Wednesday, March 25, 2020

I Tried Wendy’s Breakfast Baconator!

Because living in a soft-totalitarian state is no excuse for not starting the morning off with a hearty sausage sandwich meal, am I right?

By: Jimbo X

Boy, what a difference a couple of weeks make, huh?

At the beginning of the month, we were all enthralled and enchanted by Wendy’s announcement that the chain was launching a new breakfast menu. Of course, the chain has tried such in the past with rather unimpressive results, but still — it was March 2, 2020, and we genuinely had nothing more significant going on in our lives than sharing memes on Twitter about the fast food biz’s passive-aggressive advertisements. Eh, simpler times, indeed.

As I type this, however, I’m stuck in this weird dystopian hellscape where the same thing that killed Gwenyth Paltrow in Contagion has apparently run amok in the United States, probably because the Chinapeople (credit to UFC commentator Daniel Cormier for popularizing the phraseology) had a bad habit of not washing their hands every time they ate raw pangolin on the dirt-and-excrement-coated streets of Wuhan. Ironically, though, one of the few public touchstones that remains open domestically are the hallowed drive-thru slots of chains like Wendy’s, who are making beaucoup bucks right now while all of the smaller chains and cafes and moms and pops are emergency-declarationed into bankruptcy and insolvency “for the greater good.” Indeed, if I was a conspiracy theorist, I’d surmise this whole coronavirus brouhaha has been nothing more than an elaborate ruse to trick millions of Americans into subsisting off nothing but a high-fat and high-sodium diet of processed junk, perhaps part of a ploy to make us slower and groggier when it’s time to start rolling the tanks through Times Square. So all of that to say, even if you don’t like Wendy’s new breakfast menu, tough goddamn titties, because in the Coronapocalypse, that’s all we’ve been rationed, anyway.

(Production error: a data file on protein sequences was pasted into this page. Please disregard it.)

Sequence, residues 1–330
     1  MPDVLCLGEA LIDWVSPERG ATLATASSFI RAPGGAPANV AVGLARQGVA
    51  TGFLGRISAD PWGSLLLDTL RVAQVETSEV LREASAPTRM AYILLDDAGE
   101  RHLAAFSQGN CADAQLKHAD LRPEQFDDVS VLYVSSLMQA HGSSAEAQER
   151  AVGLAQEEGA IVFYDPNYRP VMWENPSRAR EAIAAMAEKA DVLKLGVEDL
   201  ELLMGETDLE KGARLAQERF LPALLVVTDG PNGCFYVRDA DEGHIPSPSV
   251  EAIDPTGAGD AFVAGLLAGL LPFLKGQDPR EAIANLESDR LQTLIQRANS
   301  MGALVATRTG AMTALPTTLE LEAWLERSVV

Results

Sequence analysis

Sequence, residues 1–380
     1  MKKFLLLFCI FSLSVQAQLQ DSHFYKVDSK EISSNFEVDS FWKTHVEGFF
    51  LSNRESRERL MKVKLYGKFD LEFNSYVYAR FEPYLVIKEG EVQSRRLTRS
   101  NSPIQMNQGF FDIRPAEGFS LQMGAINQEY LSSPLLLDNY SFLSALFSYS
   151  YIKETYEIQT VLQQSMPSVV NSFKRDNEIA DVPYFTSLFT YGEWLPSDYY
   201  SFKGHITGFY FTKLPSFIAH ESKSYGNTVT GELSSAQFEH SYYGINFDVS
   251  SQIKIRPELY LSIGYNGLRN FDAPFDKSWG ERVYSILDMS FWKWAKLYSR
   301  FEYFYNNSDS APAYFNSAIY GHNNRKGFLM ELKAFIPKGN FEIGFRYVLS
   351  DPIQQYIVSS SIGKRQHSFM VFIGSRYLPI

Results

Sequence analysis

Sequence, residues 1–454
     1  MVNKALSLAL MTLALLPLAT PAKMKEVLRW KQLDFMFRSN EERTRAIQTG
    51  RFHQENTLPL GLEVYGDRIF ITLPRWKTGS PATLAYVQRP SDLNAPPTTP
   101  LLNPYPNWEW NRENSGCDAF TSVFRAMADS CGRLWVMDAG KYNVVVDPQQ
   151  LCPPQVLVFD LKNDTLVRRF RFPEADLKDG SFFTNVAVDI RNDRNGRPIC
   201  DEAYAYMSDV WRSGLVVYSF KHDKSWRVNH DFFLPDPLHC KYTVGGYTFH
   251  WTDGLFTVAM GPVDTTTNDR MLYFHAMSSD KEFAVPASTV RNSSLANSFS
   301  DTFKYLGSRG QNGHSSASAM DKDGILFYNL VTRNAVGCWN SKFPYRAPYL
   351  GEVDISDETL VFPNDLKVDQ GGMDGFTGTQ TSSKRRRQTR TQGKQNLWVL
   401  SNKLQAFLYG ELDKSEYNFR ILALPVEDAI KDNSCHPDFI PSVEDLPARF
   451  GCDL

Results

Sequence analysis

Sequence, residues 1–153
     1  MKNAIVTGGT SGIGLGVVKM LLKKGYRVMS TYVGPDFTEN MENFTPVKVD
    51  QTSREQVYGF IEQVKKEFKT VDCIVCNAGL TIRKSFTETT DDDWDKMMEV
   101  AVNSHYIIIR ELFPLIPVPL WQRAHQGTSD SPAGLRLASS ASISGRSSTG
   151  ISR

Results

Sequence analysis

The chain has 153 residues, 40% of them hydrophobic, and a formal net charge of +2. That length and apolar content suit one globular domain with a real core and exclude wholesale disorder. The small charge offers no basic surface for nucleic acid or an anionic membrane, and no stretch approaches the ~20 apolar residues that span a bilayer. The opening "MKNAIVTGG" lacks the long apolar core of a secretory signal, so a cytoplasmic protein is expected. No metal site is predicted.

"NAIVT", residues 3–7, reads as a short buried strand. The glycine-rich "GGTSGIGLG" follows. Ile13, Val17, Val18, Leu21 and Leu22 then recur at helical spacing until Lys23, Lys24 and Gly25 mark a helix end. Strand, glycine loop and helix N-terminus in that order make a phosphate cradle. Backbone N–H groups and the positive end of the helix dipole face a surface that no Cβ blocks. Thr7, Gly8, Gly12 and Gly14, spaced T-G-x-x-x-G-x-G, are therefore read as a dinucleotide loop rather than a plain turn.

Now, per the date on my iPhone product that was probably put together by some 12-year-old Vietnamese boy for 83 cents an hour, I tried this newfangled Breakfast Baconator on March 5. And while that’s technically only a couple of weeks ago, I can tell you right now, flipping through those images makes me feel 110 goddamn years old. In a way, looking at the pics kinda’ reminds me of all the stuff I was doing on Sept. 10, 2001 — we had no earthly clue just how much daily life was about to change, and just how many civil liberties we were about to lose in the process. Alas, I’m not here to bitch and moan about the government using an objectively overblown public crisis as a convenient excuse to eviscerate every safeguard enshrined in the United States Constitution, I’m here to review breakfast hamburgers that contain 730 calories, give or take, and I think we can all agree that such is the far more important matter to be discussing at this juncture in American history.

Now, assuming you voluntarily choose to read this here article, odds are, you’re already quite familiar with Wendy’s Baconator hamburger offering. For those of you that somehow stumbled upon this review who aren’t, basically, it’s a regular hamburger with all of the usual hamburger fix-ins, included, as the name implies, a fuck-ton of bacon. Thus, the newfangled Breakfast Baconator more or less has the same hook, albeit, with some considerable change-ups to the recipe. Let’s get down to the meat of the matter (literally), why don’t we?